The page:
Secondary school pupils could spread coronavirus as easily as adults, according to new research, in a blow to plans to resume education fully next month.
Education Secretary Gavin Williamson has said PHE’s conclusions due to be published later this year suggest that bringing children back to the classroom in September will not fuel the pandemic.
However, The Times reported that the scientists who worked on the study are unhappy with the way their findings, which have not yet been fully analysed, have been used by ministers.
Their preliminary results suggest primary schools pose little danger, with the 9,000 tested so far offering up just six positive results, according to the newspaper.
But the study, which divided children into under-tens and over-tens, reportedly discovered that the risks increased among the older group.
One source with knowledge of the research told The Times that as children aged “their bodies start to act like small adults” in passing on the virus more effectively – something also seen in other studies.
Another source said that more cases of the virus were being seen among Year 6 and teenage children of key workers, and that these were emerging in clusters, suggesting pupils were being infected at school.
The PHE researchers reportedly monitored levels of infection and antibodies in nearly 140 schools across the country.
It showed “very, very few positive swabs and these were mainly in staff members”, a source told the paper.
“Emerging data show that in (younger) children, Covid-19 is a silent infection, with no or minimal transmission,” they said.
“The only time (primary) school children are at risk is if a child brings it into the school from home. Importantly, it does not seem to work the other way around.”
Nevertheless, the report is likely to heighten concerns among teaching unions concerned about whether schools can safely return in the way ministers intend.
A PHE spokesperson said: “PHE analysis of recorded cases and outbreaks in educational settings in England is currently undergoing pre-publication verification and review, and will be published in due course.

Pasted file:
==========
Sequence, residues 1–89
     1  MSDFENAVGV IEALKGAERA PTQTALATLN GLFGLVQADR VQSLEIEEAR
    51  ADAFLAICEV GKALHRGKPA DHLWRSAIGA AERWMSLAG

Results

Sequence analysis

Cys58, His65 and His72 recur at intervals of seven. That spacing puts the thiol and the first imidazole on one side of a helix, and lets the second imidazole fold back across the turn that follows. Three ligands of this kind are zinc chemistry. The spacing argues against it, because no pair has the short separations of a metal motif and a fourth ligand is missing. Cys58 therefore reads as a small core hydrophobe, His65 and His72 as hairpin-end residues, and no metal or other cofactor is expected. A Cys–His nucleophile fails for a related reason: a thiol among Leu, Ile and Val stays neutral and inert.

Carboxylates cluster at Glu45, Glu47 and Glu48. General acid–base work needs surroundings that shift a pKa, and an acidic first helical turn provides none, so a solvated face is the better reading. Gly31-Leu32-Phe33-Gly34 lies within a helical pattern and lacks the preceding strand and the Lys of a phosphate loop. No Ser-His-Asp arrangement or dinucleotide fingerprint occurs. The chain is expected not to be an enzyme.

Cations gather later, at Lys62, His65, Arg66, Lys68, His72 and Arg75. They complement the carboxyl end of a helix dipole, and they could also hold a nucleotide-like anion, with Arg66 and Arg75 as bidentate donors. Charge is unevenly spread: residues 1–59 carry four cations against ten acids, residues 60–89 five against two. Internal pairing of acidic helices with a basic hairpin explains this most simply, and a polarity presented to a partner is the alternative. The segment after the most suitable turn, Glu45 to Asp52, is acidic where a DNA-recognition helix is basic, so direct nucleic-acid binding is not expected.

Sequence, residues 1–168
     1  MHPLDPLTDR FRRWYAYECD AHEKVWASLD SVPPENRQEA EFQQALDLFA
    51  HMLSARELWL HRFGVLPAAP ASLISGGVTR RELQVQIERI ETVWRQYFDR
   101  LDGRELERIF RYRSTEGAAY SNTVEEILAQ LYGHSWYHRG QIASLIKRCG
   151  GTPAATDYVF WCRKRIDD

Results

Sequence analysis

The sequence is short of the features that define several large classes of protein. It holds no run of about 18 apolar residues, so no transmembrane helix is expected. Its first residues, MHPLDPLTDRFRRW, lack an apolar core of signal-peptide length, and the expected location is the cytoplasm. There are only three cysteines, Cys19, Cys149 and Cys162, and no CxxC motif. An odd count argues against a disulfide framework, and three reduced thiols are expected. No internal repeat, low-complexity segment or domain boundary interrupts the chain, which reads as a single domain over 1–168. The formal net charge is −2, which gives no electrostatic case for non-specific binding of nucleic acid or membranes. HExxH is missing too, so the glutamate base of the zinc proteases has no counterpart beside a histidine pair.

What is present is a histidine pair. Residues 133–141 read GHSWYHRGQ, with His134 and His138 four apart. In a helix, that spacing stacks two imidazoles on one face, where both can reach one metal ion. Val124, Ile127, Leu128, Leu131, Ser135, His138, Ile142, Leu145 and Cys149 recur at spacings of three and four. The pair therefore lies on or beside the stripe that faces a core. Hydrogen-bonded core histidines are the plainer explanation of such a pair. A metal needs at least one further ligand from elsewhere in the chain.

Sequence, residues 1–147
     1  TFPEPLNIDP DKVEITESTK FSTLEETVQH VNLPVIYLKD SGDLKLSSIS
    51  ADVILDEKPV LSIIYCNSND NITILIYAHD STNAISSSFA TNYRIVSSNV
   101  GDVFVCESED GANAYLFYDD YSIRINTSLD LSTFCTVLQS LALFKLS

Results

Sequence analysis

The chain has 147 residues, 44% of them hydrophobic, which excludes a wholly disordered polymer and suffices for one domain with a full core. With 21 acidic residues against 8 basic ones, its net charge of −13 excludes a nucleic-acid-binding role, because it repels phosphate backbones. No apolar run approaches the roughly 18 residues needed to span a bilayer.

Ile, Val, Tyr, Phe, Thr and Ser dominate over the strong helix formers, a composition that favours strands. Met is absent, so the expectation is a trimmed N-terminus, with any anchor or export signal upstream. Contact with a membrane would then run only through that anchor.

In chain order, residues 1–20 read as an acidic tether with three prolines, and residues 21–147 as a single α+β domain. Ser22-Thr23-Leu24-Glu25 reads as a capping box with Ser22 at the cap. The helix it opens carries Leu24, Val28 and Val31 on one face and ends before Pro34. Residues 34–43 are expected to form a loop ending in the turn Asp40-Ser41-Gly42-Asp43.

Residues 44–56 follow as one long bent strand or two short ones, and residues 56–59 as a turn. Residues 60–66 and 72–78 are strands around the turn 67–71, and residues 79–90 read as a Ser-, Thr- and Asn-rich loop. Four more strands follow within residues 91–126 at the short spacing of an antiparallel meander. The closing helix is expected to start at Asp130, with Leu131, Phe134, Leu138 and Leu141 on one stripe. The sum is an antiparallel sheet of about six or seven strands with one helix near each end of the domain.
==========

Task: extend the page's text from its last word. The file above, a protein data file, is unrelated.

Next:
“It appears to show that SARS-CoV-2 infections and outbreaks were uncommon in educational settings during the first month after the easing of national lockdown in England.”
“Additionally, a nationwide surveillance programme examining antibody prevalence in schoolchildren (sKIDs), is being analysed and should be published in the coming weeks.
“These publications combined will give the most complete picture of the landscape of Covid-19 in educational settings that we have seen to date.”
Meanwhile, Boris Johnson has insisted that getting all children back to school full-time in England next month is the “right thing for everybody”.
Teachers, scientists, opposition politicians and the children’s commissioner for England Anne Longfield have all called for improvements to testing before pupils return in September.
But speaking to reporters at a school in east London, Mr Johnson said he hoped schools would not be forced to close as a result of local action, adding it is the “last thing” that the Government wants to do.
He said: “But clearly what we are doing – the way we are trying to manage the Covid pandemic – is to have local measures in place and local test and trace to introduce restrictions where that’s necessary.
“But, as we have all said, the last thing we want to do is to close schools. We think that education is the priority for the country and that is simple social justice.”
Geoff Barton, general secretary of the Association of School and College Leaders (ASCL), said heads supported the full reopening of schools in September and the pledge to make it a national priority.
But he added: “We are concerned about the lack of a national plan B if there is a second wave of coronavirus and there is a second national shutdown.
“The Government guidance requires schools to have in place their own contingency plans which are based on a return to remote education in the event of local closures.”
Mr Barton said: “We would like to see more thought given to blended learning as a back-up plan which could be a rota system of children in for one week and then learning at home for one week. This would be better than children returning solely to remote education.
“But we need some national modelling on how this might work informed by scientific advice so there is an off-the-shelf alternative that is ready to go.”